Why revise FISA? Some points to consider...

Brian J. Foley [Florida Coastal School of Law]: "Why should Congress revise FISA to give the executive more power to spy? The main argument that AG Gonzales seemed to raise at the February 6 hearing was that it is too difficult/onerous/slow to get a warrant under FISA, even with FISA's giving the executive up to 72 hours after the tap has been implemented to apply for a warrant. He appears to want no burden whatsoever.

Regarding revising FISA, there are two issues that should be kept separate: Is Congress upset at the surveillance, or is Congress upset because the president did not come ask them first for authorization to conduct it? If Congress is considering legislation merely to give more spy power to the executive, to make legal what is illegal (or, quite apparently illegal), I'd rather Congress not legislate at all. Let the lawsuits and possible criminal prosecutions proceed in the courts.

Another issue is whether the putative need for this surveillance outweighs the serious risks it poses, as I described in a recent JURIST commentary. It's highly likely that the executive branch will abuse these powers.

It's not even clear that there is a need for such surveillance. As I wrote in an earlier post here, the 9/11 attacks could have been thwarted with the information the Administration already had. Why give the Administration more power rather than holding it accountable for negligence or worse?

Another issue is whether our government is overstating the threat of terrorism. There's been no attack in almost four and one half years. Not even a bus bomb, not even a car being rammed into a crowded crosswalk. Other countries have more attacks, more regularly, but people there seem less frightened. Also, I don't remember any government until ours talking regularly about fears of nuclear terrorist attacks, though it seems to me that it would have been easier for the IRA or ETA to get hold of a Soviet or Chinese nuke in the 1970s or 1980s or 1990s (especially a loose former Soviet nuke in the 90s) than it would be for Al Qaeda to get hold of a nuclear bomb from, say, Iran, which doesn't even have a nuclear bomb.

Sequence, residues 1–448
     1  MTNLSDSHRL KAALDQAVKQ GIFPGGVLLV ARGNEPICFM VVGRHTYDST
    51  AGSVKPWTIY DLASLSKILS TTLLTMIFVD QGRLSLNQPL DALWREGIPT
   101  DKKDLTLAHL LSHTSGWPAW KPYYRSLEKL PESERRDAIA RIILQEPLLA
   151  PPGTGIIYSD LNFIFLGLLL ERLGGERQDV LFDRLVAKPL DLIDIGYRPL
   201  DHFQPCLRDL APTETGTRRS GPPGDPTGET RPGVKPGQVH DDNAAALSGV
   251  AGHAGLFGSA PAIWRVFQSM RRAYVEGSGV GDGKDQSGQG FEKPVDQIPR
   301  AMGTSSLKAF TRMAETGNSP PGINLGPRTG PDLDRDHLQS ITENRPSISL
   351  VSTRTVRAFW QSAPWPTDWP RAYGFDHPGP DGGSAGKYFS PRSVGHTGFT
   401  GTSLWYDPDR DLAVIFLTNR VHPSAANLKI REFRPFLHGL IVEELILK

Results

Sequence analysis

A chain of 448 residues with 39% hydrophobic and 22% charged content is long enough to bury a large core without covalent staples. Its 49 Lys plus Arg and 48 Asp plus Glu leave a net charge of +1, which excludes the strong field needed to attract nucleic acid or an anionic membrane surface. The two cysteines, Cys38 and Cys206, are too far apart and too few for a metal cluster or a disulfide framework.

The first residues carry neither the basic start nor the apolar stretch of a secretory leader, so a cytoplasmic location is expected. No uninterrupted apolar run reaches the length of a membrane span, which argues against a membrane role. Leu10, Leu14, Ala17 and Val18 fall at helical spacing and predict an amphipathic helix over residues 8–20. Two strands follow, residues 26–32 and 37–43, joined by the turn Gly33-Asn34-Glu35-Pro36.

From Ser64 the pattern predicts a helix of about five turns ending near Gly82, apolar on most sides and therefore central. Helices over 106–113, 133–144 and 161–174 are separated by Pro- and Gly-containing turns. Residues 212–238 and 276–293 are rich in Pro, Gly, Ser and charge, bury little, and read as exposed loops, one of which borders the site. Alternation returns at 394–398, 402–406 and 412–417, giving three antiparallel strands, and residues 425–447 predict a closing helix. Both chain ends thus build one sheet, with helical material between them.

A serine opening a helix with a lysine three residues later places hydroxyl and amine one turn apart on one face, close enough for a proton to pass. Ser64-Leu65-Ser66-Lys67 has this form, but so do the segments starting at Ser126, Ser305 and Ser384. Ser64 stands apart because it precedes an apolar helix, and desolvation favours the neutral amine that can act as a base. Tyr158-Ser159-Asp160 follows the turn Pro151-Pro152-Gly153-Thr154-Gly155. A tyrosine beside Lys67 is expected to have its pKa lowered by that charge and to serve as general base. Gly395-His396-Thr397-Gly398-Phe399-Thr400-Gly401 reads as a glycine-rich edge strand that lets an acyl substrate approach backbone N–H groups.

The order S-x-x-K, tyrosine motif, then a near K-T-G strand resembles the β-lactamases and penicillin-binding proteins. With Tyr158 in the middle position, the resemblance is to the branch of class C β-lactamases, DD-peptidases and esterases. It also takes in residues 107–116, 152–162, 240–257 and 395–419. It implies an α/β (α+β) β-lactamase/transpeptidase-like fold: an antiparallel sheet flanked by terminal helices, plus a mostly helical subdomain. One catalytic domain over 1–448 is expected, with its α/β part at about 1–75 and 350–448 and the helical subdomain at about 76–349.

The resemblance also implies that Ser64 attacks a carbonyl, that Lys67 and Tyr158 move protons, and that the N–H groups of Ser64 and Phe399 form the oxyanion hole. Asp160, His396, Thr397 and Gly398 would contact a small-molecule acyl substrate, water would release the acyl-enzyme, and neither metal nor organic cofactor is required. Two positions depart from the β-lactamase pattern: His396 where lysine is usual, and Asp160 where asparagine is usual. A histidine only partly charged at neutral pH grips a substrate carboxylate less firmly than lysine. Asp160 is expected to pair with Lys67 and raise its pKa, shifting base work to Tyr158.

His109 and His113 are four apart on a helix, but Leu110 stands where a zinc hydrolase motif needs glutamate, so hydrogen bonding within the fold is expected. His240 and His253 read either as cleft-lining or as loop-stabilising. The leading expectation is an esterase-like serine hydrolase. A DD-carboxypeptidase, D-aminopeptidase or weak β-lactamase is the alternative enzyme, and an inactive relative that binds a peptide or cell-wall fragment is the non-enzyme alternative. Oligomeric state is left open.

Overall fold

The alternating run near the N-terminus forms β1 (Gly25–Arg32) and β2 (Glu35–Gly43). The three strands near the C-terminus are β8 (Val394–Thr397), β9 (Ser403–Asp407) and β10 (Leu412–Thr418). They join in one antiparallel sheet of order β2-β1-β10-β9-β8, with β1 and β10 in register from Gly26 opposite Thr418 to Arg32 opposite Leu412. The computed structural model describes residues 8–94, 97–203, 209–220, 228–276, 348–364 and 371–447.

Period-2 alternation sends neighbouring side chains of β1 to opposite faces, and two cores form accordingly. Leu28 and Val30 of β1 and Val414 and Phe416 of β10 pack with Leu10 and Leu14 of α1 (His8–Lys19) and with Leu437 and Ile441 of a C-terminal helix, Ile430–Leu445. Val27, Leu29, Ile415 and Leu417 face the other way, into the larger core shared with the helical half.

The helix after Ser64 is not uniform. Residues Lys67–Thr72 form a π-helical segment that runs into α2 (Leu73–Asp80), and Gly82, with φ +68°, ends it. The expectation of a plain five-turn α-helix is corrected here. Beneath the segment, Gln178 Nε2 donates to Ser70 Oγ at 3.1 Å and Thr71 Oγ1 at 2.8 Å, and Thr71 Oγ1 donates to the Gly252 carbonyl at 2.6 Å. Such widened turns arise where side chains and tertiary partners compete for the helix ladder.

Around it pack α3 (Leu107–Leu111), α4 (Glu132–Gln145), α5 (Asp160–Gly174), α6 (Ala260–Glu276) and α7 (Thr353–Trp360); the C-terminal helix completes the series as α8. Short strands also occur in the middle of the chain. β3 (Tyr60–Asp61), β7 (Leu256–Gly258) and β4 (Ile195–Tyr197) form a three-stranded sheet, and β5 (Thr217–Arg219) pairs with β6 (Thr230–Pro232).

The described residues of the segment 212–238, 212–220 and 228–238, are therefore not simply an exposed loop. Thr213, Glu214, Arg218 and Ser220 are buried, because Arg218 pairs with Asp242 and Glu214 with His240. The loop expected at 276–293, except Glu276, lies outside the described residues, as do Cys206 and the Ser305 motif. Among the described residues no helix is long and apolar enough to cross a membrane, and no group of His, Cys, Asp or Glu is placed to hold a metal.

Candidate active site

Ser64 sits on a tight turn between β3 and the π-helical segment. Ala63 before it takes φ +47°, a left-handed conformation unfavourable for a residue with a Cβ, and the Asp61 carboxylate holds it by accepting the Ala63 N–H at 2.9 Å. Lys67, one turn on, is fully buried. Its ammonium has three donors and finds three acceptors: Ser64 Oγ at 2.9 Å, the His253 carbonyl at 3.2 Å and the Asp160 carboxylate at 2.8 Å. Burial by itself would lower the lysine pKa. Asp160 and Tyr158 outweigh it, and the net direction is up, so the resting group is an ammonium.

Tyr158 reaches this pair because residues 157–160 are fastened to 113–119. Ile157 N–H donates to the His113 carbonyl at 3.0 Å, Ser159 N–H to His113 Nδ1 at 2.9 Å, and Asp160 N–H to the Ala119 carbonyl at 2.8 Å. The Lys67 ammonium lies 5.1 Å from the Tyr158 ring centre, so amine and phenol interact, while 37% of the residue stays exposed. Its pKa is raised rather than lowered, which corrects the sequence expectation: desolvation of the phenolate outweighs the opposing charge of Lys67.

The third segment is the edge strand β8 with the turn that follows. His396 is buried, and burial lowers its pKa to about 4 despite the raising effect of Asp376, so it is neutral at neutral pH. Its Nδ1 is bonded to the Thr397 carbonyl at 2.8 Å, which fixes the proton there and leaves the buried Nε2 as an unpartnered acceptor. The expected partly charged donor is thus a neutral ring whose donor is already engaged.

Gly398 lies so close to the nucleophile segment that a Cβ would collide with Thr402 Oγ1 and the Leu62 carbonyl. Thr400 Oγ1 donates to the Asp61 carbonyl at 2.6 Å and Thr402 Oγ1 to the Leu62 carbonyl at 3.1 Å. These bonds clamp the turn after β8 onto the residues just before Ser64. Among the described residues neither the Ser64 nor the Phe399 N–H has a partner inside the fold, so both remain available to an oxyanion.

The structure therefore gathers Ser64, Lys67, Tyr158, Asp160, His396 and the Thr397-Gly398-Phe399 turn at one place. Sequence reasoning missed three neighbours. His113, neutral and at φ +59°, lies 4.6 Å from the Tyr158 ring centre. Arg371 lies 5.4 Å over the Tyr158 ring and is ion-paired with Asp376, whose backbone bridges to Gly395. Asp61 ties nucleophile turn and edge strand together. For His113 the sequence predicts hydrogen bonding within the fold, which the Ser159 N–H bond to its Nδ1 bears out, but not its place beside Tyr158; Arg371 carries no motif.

Last, the American people need to discuss how far we are willing to go for 'security.' Sure, letting the government read all our emails and listen to all our phone calls MIGHT thwart an attack. But so might putting an FBI agent in everybody's household. So might installing two-way televisions a la Orwell's 1984. Just because a measure might work, however, doesn't mean that we should accept it. It seems to me that much of the public discourse on the NSA spying (and torture and the treatment of prisoners at Guantanamo, for that matter) lacks this perspective."

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